How Ammazza, Gu’s Kitchen, and Nina & Rafi stack up against their original locations

Three restaurants rise again—but how do they hold up?

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Ammazza Decatur
Margherita pizza

Photograph by Cori Carter

Ammazza Decatur

314 East Howard Avenue, Decatur

The backstory
In 2017, after nearly five years in business, things came crashing down at Ammazza—literally. Within one month, two cars careened into the Edgewood Avenue building, and the beloved Neapolitan-style pizza joint has been closed ever since. The void in the Atlanta pizza-scape was palpable.

The comeback
Ammazza Decatur opened in November, picking up where the Edgewood location left off. (The original location is supposed to reopen this year.)

What made the original great
The brothers who founded Ammazza previously had ties to Antico over on the Westside. But unlike the fiercely Italian Antico, Ammazza offers a wide range of toppings and plenty of opportunities to customize.

How the new guy stacks up
While pizza is king here, Ammazza Decatur also offers handmade pasta such as a fresh, al dente spaghetti with tender beef meatballs drenched in a slightly sweet spaghetti sauce. As for the pizza, it’s very close to the original. The same pickled Calabrian chilis and Spotted Trotter’s spicy soppressata appear on the beloved Inferno, and the vegan pie continues to be a surprise hit, but the best bet remains the straightforward margherita. The pizzaiolos make ideal use of the restaurant’s Acunto ovens, lending the perfect kiss of char to the pizzas’ thin crusts.

Gu's Kitchen
Chengdu noodles

Photograph by Cori Carter

Gu’s Kitchen

4897 Buford Highway, Chamblee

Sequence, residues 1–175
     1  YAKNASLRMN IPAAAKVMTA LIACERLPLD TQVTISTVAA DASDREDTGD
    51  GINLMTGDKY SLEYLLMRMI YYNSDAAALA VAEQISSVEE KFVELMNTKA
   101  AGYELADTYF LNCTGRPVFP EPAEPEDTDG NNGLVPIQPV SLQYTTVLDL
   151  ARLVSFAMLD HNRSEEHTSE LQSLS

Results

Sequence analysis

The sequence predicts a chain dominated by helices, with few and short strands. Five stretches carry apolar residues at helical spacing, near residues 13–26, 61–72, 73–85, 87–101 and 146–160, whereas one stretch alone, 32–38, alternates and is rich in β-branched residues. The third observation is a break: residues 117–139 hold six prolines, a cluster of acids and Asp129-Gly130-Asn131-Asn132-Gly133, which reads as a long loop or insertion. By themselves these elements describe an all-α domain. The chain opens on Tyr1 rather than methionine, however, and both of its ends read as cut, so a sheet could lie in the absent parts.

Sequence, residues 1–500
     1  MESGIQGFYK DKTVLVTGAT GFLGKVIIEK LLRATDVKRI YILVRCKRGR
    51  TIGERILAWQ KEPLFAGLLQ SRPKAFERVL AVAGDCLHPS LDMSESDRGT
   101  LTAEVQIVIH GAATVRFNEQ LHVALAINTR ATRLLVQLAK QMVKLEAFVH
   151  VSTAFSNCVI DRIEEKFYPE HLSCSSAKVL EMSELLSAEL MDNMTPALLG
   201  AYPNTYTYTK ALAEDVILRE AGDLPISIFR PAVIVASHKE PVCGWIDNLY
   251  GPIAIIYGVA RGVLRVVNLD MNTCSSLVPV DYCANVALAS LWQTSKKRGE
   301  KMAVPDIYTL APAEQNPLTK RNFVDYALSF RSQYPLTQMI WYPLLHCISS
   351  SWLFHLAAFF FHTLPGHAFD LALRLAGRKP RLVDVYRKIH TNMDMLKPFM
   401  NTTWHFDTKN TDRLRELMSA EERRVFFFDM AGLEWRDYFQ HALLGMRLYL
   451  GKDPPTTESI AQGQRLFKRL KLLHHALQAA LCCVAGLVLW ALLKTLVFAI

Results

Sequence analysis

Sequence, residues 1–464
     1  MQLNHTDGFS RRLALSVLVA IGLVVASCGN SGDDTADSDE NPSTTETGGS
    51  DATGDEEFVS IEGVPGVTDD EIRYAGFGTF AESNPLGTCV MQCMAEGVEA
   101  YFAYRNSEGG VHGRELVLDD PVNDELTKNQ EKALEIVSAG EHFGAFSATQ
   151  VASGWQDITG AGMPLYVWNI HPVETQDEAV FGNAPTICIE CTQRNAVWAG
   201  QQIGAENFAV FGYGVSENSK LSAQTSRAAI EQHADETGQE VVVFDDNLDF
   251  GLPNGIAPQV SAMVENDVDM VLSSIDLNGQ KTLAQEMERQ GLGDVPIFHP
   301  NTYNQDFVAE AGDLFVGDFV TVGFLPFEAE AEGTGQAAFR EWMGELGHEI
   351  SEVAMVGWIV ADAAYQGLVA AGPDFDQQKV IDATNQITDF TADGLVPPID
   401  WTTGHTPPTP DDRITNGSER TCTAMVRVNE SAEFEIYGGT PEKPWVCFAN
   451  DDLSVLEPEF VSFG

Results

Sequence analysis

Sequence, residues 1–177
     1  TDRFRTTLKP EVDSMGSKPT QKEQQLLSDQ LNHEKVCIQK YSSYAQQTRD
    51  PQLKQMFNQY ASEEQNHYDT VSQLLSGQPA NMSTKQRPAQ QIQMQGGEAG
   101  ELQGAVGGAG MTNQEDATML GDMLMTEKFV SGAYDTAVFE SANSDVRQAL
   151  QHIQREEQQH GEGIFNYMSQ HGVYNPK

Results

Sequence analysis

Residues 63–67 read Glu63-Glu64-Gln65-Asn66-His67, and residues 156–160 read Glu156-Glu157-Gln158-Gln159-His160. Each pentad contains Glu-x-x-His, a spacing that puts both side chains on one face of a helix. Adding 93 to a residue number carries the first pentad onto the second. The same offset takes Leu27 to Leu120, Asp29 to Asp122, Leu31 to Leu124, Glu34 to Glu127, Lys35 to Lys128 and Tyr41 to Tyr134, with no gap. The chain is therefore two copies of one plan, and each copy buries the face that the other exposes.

The backstory
When Gu’s Bistro arrived on Buford Highway in 2010, it drew a cult following to its accessible (but still fiery) Sichuan cuisine. When it closed in 2015, many a ma la–loving heart was broken. A Gu’s Dumplings stall had opened in Krog Street Market in 2013, and it continues to offer some of Gu’s Bistro’s most beloved dishes. But many of them fall short of their Buford Highway forebears.

The comeback
In November, the Gu family returned to Buford Highway with a new concept, Gu’s Kitchen.

What made the original great
Spicy Dried Eggplant (like eggplant fries but slightly numbing thanks to a liberal dose of Sichuan peppercorns); flat, Zhong-style dumplings; and Chengdu noodles that struck the ideal balance between spicy and sweet

How the new guy stacks up
You won’t find a resurrection of Gu’s Bistro at Gu’s Kitchen. But the new spot does serve many dishes you can’t find on Krog Street. The Chengdu noodles arrive on a cool contraption, with the noodles draped over chopsticks seemingly floating in the air. But the dish is so cloying that it reminded me why I seldom eat at the Krog Gu’s. It’s not uncommon to add sugar to Sichuan dishes to counteract the heat, but the amount of sugar at Gu’s Kitchen can be excessive. Instead, order the eggplant, the Handmade Sweet and Spicy Thick Noodles, and the Spicy Crispy Fish, heavily dosed with garlic, ginger, chili oil, sesame oil, and Sichuan peppercorns.

Nina & Rafi
The Detroit Pie

Photograph by Cori Carter

Nina & Rafi

661 Auburn Avenue

The backstory
In 2015, the city fell hard for New Jersey native Anthony Spina’s O4W Pizza—and his square, pan-cooked grandma pie in particular. A year later, Spina closed the Old Fourth Ward outpost and decamped to Duluth. For the next two years, intown pizza-lovers were in mourning.

The comeback
Spina joined forces with restaurateur Billy Streck (Hampton + Hudson) to bring his pizza back to the Old Fourth Ward. They opened Nina & Rafi in November, directly on the BeltLine across from Bell Street Burritos.

What made the original great
Everything, but especially the grandma pie

How the new guy stacks up
Nina & Rafi sits just steps from where the grandma pie became an Atlanta culinary icon, but this new endeavor is its own animal. Grandma may pay Nina & Rafi an occasional visit, but her home remains in Duluth. Spina’s Detroit pie (thick and square but light and airy) and his Super Margherita (a classic round) are meant to grab the spotlight here. The Super Margherita has a flavor profile similar to the grandma; it’s made with the same sauce, cheese, and love. But the crust intentionally isn’t as rich. The Detroit pie is actually the one that gives grandma a run for her money: The crust is like a cross between a Sicilian and a cloud, and at its edges, there’s a raised lip of absurdly addictive, burnt-to-a-crisp cheese that will haunt you.

This article appears in our April 2019 issue.

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